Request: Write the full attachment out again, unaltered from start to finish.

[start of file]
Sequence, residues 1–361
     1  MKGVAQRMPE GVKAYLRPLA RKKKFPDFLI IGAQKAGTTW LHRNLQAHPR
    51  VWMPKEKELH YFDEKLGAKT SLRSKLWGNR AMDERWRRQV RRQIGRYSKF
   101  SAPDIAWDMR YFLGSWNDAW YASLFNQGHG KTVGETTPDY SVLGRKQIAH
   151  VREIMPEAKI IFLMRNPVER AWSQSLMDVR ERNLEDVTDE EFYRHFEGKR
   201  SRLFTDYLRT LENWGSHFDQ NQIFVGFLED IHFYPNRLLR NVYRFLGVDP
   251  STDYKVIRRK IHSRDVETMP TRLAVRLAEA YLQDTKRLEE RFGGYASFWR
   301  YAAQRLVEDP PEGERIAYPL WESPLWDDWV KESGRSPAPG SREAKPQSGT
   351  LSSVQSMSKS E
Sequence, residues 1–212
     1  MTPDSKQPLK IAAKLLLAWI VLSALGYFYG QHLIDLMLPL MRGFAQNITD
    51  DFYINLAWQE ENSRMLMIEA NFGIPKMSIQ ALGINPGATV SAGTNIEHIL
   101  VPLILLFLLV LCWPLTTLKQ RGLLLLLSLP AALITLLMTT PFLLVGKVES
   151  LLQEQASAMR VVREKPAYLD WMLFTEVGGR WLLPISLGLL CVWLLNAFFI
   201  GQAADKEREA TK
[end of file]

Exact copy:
Sequence, residues 1–361
     1  MKGVAQRMPE GVKAYLRPLA RKKKFPDFLI IGAQKAGTTW LHRNLQAHPR
    51  VWMPKEKELH YFDEKLGAKT SLRSKLWGNR AMDERWRRQV RRQIGRYSKF
   101  SAPDIAWDMR YFLGSWNDAW YASLFNQGHG KTVGETTPDY SVLGRKQIAH
   151  VREIMPEAKI IFLMRNPVER AWSQSLMDVR ERNLEDVTDE EFYRHFEGKR
   201  SRLFTDYLRT LENWGSHFDQ NQIFVGFLED IHFYPNRLLR NVYRFLGVDP
   251  STDYKVIRRK IHSRDVETMP TRLAVRLAEA YLQDTKRLEE RFGGYASFWR
   301  YAAQRLVEDP PEGERIAYPL WESPLWDDWV KESGRSPAPG SREAKPQSGT
   351  LSSVQSMSKS E
Sequence, residues 1–212
     1  MTPDSKQPLK IAAKLLLAWI VLSALGYFYG QHLIDLMLPL MRGFAQNITD
    51  DFYINLAWQE ENSRMLMIEA NFGIPKMSIQ ALGINPGATV SAGTNIEHIL
   101  VPLILLFLLV LCWPLTTLKQ RGLLLLLSLP AALITLLMTT PFLLVGKVES
   151  LLQEQASAMR VVREKPAYLD WMLFTEVGGR WLLPISLGLL CVWLLNAFFI
   201  GQAADKEREA TK